Spying into a haven of artists

By Purva Grover

The whiff of fresh oil paint draws me into the room. I spot a wooden jar holding a bunch of paintbrushes, as I lift a bottle of oil and declare to my husband that it’s baby oil. “To clean the brushes,” I say, flaunting my knowledge of the arts. A cat is meowing on a couch, resting behind a stack of canvases. The steam from the cup of coffee also suggests that the artist will be returning soon. Yet, I’m inside here taking my time to absorb in the aromas of artistic freedom. For two days, I’ve decided to forget the courtesies and invade the privacy of strangers; and my husband has reluctantly (initially) joined me in exploring Grožnjan, the unworldly sleepy town in Croatia’s Istria county. Just that this sleepy village is a real place, and not a utopian idea.

We’d done our homework, long before we drove down from Poreč to here. We’d secured print outs for directions, you can’t always trust Google map to lead you to a Medieval hillock nestled between olive groves and vineyards. After having parked our car in the parking lot, which also happened to be the only broad piece of land till where we could see, we walked to our guesthouse with a small, cosy and clean room; and squeaky floors and period furnishings. No welcome drinks here, but a friendly host, who quickly checked us in and went about her day. We left too, right after — ‘to spy’ as my husband would label my behaviour.

“You are not supposed to know where you’re headed to in Grožnjan,” I tell him when he expresses concern of us getting lost on the cobbled streets. “We’re wandering,” I correct him. “And there aren’t many people to ask for directions,” he replies and we have a good laugh. Grožnjan is home to 736 people only, and perhaps 100 or more cats. It’s a winter month, which means the residents are far fewer than the official statistics. The town comes alive in the summer months when the best names from music, art, drama and beyond host workshops and sessions here, and the breeze gets filled in with sounds of jazz and classical music.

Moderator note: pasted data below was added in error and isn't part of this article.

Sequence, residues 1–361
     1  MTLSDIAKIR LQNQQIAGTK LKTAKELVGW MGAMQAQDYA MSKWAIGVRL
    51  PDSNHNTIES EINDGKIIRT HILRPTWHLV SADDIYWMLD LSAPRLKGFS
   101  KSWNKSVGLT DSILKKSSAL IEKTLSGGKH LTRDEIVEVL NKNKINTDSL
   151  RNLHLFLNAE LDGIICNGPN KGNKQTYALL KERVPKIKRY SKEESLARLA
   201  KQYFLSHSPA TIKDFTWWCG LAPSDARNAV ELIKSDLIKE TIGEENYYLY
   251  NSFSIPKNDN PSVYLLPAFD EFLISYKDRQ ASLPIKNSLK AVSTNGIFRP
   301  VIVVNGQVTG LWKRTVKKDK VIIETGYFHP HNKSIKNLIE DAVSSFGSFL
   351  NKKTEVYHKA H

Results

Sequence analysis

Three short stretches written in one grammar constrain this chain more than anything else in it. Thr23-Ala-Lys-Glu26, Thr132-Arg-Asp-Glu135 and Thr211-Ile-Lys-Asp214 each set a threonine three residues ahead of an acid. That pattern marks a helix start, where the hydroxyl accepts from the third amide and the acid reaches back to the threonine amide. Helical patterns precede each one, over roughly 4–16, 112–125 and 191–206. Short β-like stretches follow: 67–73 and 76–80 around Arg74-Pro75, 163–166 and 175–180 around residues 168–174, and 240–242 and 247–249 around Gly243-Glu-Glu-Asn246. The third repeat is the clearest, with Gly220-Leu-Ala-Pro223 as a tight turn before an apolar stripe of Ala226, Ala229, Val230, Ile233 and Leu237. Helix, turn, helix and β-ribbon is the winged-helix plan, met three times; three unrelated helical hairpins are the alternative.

Nevertheless, even now the doors of the 20 odd galleries-studios-homes are open for anyone chasing the whiff of arts. Next, I spot a man sitting on the floor, engrossed painting. He’s surrounded by half-done paintings and pots of plants. He smiles at us as I engage in a conversation and politely ask him, “May I step inside the studio?” He nods, as we learn that he’s working on his next collection. He’s chatty, humble and of course, supremely talented. The sun will set soon so he suggests we eat a good meal at one of the few eateries here. He allows me to click pictures of ‘artist at work’ as well, as he goes about playing with colours. We continue to wander, peeping in windows and doors, and being welcomed warmly each time.

When we head to the room and my WiFi finds me, I learn the artist who suggested we try hot chocolate at Caffè Bar Vero is Marko Brajković. Greedily, I begin to devour his work on the Saatchi Art portal, read about his exhibitions, from the neighbouring town Rovinj to the Fountain Art Fair in New York. Amidst all this, I let the Internet throws up many other names, who I’ve just rubbed shoulders with. I pinch myself mostly to convince myself that yes, breathing art is a real emotion. No wonder, the place is christened the ‘town of artists’. On our second night, we run into Marko again, and he asks if we’re having a good time, as he sits there, attending to his guests in the caffè. I begin to stalk him on Instagram and tell him I’ll be back seeking refuge in this town one day.    

purva@khaleejtimes.com

Purva’s travel journal is full of extremely ordinary stories

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